2. To realise these benefits Government must facilitate a constant supply of highly diverse, skilled individuals to match the current and future demands needed to achieve national ambitions. Focus should be placed on attracting and inspiring a much more diverse range of individuals from many different backgrounds across the entire UK. There is a role for higher levels of inclusion in education, training and upskilling across engineering, sustainability, digital and data skills, language skills, leadership, and entrepreneurship.

  3. A trained workforce is essential and developing a skilled workforce of qualified scientists, engineers, and research professionals is a long-term endeavour. Domestically, it starts with education in schools and needs a strong focus in university and private sector training in STEM subjects. SHAPE subjects provide ideal contexts in which digital and data skills can be developed. The skills and knowledge also learned in those disciplines are essential to develop and scale innovation into the economy and translate the benefits to society.

  4. Government should identify a clear owner for skills who should work across departments to determine the skills needed to undertake research and innovation required to meet the UK’s science and technology superpower goals. To help inform and implement decisions of the Science and Technology Cabinet Committee, we recommend Government establish a co-ordinating committee with the remit to identify skills needs in areas identified as strategic priorities and convene industry and education sector representatives to work together on solutions.

  5. Consideration should be given to the ability of industry and educational institutions to provide the necessary training to meet these needs. This should account for the entire supply chain and skills based in those selected strategic activities, finding solutions to gaps where they exist. A skills lead should also play a role in promoting the exciting and rewarding STEM and SHAPE careers to engage diverse audiences. Government may need to intervene to ensure the current and future workforce have access to courses in strategically important areas, where these are central to future UK growth and prosperity. For example, we previously advised on the importance of developing a more flexible system across HE and FE that support a diversity of learners. [footnote 7]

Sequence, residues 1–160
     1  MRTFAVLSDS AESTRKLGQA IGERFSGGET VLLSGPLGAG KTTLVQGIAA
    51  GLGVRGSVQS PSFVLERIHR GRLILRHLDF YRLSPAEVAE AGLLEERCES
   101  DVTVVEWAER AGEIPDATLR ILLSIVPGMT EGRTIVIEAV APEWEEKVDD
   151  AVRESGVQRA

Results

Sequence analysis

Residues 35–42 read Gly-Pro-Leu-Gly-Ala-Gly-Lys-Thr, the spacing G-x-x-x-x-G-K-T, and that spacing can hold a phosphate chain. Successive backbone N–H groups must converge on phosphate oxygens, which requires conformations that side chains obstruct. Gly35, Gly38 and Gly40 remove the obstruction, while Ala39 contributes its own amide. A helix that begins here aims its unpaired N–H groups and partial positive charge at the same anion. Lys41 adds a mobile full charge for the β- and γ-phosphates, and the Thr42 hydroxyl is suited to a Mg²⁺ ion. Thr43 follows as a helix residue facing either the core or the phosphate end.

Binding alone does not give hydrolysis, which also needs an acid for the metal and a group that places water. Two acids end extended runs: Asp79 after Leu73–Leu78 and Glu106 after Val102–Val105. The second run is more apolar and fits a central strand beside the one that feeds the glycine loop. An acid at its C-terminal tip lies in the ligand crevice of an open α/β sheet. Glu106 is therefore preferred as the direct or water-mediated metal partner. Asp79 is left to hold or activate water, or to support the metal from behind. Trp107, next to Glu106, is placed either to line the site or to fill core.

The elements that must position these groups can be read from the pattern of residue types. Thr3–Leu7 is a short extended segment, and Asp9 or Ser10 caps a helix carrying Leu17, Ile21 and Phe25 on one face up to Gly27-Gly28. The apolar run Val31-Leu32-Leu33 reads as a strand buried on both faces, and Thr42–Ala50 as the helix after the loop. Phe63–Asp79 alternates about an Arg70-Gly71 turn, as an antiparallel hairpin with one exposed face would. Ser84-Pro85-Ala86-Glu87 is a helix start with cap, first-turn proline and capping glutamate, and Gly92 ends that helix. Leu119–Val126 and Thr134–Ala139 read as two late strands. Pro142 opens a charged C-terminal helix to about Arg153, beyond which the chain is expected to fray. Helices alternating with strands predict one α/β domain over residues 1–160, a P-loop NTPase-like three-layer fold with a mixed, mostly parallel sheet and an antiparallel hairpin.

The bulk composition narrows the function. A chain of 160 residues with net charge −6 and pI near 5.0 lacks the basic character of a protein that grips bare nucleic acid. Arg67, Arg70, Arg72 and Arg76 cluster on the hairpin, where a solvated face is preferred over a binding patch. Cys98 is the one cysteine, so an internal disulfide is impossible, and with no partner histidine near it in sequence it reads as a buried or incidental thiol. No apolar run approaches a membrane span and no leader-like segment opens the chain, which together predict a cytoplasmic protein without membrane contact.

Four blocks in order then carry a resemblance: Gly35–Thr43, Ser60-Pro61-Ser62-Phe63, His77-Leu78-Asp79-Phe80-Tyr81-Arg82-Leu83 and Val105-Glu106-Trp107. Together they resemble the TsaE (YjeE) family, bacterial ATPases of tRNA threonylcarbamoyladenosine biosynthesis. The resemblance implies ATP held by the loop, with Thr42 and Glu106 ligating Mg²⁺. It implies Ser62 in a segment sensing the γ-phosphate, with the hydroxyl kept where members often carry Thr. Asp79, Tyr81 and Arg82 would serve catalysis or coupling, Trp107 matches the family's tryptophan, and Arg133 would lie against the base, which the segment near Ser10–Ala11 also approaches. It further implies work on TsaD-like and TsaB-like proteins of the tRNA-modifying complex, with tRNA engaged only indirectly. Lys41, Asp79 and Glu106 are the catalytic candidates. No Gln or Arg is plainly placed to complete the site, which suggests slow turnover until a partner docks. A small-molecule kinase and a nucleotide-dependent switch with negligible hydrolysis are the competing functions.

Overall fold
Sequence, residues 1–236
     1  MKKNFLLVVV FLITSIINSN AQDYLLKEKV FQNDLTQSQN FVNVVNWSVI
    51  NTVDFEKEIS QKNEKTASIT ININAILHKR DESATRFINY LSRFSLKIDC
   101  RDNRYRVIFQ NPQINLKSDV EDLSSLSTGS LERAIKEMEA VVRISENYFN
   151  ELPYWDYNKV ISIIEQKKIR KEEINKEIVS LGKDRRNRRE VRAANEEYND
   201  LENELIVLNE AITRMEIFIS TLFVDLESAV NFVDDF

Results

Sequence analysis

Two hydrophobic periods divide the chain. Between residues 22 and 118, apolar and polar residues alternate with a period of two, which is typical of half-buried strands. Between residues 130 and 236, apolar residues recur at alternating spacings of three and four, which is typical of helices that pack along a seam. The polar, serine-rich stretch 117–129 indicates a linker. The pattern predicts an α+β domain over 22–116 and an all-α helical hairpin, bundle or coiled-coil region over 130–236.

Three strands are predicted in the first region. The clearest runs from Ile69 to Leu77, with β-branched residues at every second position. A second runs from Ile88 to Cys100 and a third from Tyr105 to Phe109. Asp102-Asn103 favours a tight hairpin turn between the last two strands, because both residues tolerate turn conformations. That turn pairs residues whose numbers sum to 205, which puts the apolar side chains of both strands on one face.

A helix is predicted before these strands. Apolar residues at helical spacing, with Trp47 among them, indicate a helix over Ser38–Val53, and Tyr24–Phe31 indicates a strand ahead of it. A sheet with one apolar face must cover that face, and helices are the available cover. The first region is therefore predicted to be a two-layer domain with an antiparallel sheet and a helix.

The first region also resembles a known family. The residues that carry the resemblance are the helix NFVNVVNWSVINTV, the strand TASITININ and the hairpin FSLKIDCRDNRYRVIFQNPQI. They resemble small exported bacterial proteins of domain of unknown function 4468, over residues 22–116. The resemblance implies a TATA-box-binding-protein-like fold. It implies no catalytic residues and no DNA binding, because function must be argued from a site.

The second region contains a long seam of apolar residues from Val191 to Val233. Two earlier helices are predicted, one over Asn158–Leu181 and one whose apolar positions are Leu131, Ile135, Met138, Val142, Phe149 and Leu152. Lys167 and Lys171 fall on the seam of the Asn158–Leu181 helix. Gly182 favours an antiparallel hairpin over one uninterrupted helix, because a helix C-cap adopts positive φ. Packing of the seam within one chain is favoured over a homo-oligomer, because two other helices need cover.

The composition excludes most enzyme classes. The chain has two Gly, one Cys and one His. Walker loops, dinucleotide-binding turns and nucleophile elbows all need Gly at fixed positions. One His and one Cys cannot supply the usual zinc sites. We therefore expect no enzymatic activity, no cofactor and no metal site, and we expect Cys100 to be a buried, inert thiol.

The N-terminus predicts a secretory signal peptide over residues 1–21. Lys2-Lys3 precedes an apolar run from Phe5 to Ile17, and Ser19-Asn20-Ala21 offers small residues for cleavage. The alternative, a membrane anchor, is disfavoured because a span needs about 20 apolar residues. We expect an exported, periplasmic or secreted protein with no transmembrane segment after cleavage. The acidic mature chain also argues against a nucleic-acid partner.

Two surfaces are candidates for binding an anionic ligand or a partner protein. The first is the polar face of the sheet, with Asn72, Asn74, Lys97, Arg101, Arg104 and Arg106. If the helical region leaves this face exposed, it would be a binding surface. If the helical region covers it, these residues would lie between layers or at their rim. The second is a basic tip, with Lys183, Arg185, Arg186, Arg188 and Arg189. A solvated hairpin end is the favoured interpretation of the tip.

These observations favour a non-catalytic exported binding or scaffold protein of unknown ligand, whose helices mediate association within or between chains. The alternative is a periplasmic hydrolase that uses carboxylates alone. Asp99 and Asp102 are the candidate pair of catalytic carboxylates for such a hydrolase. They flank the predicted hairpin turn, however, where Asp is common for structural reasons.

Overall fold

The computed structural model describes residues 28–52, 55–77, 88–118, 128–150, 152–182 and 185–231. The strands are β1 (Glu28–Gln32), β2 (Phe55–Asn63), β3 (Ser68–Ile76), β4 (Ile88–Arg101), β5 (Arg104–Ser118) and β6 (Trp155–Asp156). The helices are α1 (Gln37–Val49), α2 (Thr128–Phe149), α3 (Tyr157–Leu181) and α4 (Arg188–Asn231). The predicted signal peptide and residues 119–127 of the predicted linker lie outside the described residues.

6. Being open to talent from across the world is also fundamental to the science superpower ambition. Evidence shows immigrants are often among the most productive innovators and entrepreneurs and vital to the international competitiveness of high-growth businesses in the UK. [footnote 8] Some 49% of the UK’s fastest growing businesses, and nine of the UK’s 14 unicorns having at least one foreign-born co-founder. Immigrant-founded start-ups also attract substantial investment; immigrant co-founded start-ups in the Top 100 have raised a combined £3.7bn in investment alone.

  7. The UK will need to attract and enable people from overseas to work in the UK, or work with us, from the creative genius or aspiring entrepreneur, to high quality technicians and early career researchers. Government should keep under review the wide range of levers that incentivise investment and attract world class scientists, engineers, researchers, and entrepreneurs to base themselves in the UK (funding, infrastructure, procurement, skills, standards, regulation, and taxation).

  8. Government should also review and develop mechanisms to promote human mobility, which is of crucial importance not only for attracting talent to the UK, but also for promoting the exchange of ideas, international experience, and networks for UK researchers.

  9. We welcome the Office for Talent and Global Talent Visa, but the cost of the current system for applicants and institutions and the administrative processes for managing security concerns can present unintended barriers to collaborations or flows of talent.

Strengthen our partnerships

Recommendation 8: Promote and sustain international research and development partnerships, with partners that have complementary strengths in strategically important areas.

  1. The UK’s status as a science superpower, and our ability to translate this into prosperity and benefits for society, is reinforced by our global standing and relationships with other countries. International collaboration on research and technology is a long-term investment on two dimensions, the research and innovation activity, and the relationships required to enable and sustain it. In order to be effective in promoting strategic research and innovation collaborations, policies and activity needs to be aligned across government. The approach to governance needs to ensure this.

  2. Partnerships in research and development have contributed to the UK’s soft power and long-standing ties to other countries. The vibrancy of our research across all the disciplines also adds to the attraction of UK as a partner. For example, research partnerships can offer a unique platform to maintain relationships with countries that might otherwise be difficult to engage.

  3. Trusted, enduring and appropriately scaled relationships will be essential in supporting collaboration in strategic areas. Decision-making around the use of the ‘Own-Collaborate-Access’ framework can be informed by these ongoing relationships. This is of particular importance in maintaining influence and ability to collaborate in areas of defence and security, where principles of proportionality and reciprocity should inform our relationships with allies.